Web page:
The Goebekli Tepe Site – Staggering Amounts of Skulls

Goebekli Tepe site

Archaeologists have found a staggering amount of skulls at the Goebekli Tepe site, Turkey

At the Goebekli Tepe site, Turkey, archaeologists have found a staggering amount of human skulls which, they consider based on the factual evidence, were part of a skull cult.

The Goebekli Tepe Site – Staggering Amounts of Skulls

As archaeologists wrote in a paper based on the ongoing archeological research, most of the skulls were in fragments. This makes it difficult to elaborate about their provenience or any type of information. As of this date, there were 408 skull fragments uncovered at the Goebekli Tepe. However, according to data, only a small number of skulls were carved.

The carving of skulls is linked with one form of ancestral worshiping. Or only to wrap strings around them in order to hang the skulls near the temple found at the Goebekli Tepe site.

Lee Clare, one of the archeologists at the site and coauthor of the study published in Science Advances journal, said:

“In a skeleton, the lower jaw tends to fall off. The grooves would have supported a string that could have been wound around the skull and kept it from slipping off”.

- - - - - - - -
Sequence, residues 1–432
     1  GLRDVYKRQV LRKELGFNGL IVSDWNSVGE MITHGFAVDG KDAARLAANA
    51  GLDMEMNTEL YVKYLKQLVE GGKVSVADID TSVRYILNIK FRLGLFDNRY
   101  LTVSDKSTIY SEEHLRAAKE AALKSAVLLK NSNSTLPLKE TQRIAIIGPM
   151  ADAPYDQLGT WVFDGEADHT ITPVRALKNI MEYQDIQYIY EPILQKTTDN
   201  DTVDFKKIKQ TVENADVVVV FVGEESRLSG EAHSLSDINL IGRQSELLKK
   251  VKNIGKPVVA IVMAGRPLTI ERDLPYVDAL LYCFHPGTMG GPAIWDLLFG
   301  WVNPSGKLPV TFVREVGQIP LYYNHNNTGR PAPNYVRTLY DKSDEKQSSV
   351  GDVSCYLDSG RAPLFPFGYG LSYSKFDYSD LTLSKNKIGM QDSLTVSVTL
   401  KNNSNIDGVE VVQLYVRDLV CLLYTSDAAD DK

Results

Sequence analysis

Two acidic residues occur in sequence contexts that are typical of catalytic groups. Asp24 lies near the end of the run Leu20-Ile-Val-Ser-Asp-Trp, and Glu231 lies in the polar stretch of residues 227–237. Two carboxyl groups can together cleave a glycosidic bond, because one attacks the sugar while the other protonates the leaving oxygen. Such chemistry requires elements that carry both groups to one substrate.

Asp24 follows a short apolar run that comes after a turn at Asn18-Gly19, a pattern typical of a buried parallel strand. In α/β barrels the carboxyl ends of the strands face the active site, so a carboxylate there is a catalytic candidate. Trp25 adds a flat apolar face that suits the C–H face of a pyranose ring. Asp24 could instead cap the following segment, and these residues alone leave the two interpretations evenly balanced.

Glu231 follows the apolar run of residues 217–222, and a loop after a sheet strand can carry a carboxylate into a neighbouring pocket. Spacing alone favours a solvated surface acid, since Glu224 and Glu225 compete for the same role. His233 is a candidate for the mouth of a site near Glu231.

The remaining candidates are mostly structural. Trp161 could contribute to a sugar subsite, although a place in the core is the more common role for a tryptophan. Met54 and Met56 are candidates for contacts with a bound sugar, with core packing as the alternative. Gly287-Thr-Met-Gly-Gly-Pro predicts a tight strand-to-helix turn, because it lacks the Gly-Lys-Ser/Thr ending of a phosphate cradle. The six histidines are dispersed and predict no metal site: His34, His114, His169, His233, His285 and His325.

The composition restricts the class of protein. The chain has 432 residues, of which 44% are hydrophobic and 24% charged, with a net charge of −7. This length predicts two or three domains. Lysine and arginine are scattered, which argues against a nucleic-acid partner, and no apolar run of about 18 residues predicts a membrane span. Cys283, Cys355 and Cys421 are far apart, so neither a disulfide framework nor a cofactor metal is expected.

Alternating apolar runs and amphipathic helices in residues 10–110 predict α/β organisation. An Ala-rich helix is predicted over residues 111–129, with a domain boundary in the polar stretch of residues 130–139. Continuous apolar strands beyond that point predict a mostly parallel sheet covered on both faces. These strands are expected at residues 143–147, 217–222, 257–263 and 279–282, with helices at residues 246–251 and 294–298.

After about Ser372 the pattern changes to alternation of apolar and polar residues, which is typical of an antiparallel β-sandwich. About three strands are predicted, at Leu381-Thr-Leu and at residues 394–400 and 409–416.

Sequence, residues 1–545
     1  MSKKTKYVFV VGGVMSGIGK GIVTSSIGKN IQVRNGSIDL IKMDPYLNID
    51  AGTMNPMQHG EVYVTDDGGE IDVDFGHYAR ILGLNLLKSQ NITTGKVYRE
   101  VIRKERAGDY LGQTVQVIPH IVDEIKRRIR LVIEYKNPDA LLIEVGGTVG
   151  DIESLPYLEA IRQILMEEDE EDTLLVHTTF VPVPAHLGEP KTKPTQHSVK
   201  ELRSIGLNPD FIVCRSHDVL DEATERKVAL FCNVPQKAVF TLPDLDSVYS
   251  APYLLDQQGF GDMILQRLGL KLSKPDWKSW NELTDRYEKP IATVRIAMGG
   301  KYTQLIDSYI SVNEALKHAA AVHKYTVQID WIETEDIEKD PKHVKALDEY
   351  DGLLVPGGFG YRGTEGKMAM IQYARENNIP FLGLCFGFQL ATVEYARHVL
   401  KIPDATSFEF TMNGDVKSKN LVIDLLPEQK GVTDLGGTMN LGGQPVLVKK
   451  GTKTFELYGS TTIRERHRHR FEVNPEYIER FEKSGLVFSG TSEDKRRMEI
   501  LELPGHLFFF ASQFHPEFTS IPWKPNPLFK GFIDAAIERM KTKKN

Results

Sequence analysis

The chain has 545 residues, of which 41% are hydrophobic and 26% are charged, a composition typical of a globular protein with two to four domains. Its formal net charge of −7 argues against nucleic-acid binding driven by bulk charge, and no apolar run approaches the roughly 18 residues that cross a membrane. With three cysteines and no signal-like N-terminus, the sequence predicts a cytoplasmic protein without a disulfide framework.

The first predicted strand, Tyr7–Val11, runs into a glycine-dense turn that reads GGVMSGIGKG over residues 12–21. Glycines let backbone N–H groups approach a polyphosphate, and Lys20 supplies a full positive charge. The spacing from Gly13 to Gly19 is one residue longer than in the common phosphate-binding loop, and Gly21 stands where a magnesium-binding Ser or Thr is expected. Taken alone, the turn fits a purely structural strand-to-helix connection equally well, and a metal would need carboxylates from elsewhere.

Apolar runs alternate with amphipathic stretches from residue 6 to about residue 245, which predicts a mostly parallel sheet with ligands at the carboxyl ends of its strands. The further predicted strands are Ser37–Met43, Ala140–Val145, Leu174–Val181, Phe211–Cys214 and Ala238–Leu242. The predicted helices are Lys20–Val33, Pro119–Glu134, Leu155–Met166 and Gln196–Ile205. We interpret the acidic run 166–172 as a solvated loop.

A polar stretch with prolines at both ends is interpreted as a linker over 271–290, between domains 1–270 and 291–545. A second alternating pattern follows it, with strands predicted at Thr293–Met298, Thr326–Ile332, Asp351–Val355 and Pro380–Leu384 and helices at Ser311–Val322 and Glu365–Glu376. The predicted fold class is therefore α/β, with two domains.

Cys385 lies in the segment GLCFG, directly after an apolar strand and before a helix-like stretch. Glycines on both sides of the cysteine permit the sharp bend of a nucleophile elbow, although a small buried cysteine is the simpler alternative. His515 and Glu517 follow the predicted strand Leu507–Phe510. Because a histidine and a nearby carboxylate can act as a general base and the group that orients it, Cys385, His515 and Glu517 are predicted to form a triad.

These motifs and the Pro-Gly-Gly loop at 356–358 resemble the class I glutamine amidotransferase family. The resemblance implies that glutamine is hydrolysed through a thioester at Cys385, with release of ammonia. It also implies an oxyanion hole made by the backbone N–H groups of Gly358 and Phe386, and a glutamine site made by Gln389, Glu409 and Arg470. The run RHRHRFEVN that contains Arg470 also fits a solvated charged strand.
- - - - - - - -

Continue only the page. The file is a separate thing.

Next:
Furthermore, symbols found at the site indicate towards the idea that the skulls found at the Goebekli Tepe site played an important role in rites taking place at the temple. This hypothesis leans on evidence found at the temple. A statue, called the Gift Bearer, shows an entity holding a human skull in his hand while a headless human is shown on one of the T-shaped pillars found at the site.

In their study, the authors wrote that out of 691 bone fragments found at the Goebekli Tepe site 408 appertain to skulls. This would indicate that the skulls were selected from the rest of the body.

The compound measures 22 acres of land. And although the archaeological digging has been ongoing for over two decades the archeologists managed to excavate a little under 10% of the total area. Further research will offer more information in the future, as digging at the Goebekli Tepe site continues.

Image Source: Flickr

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Christopher Hall completed his studies at the California Institute of Technology, Caltech, with a degree in Engineering and Applied Science. That was three years ago. At present he is working as a Computation and Neural Systems engineer in Ontario. He used to write tech reviews and overviews for several small online publications before he joined the ArgyllFreePress team. Christopher is always scouring the internet for fresh tech news and anything related to gadgets, smart-phones, tablets and laptops.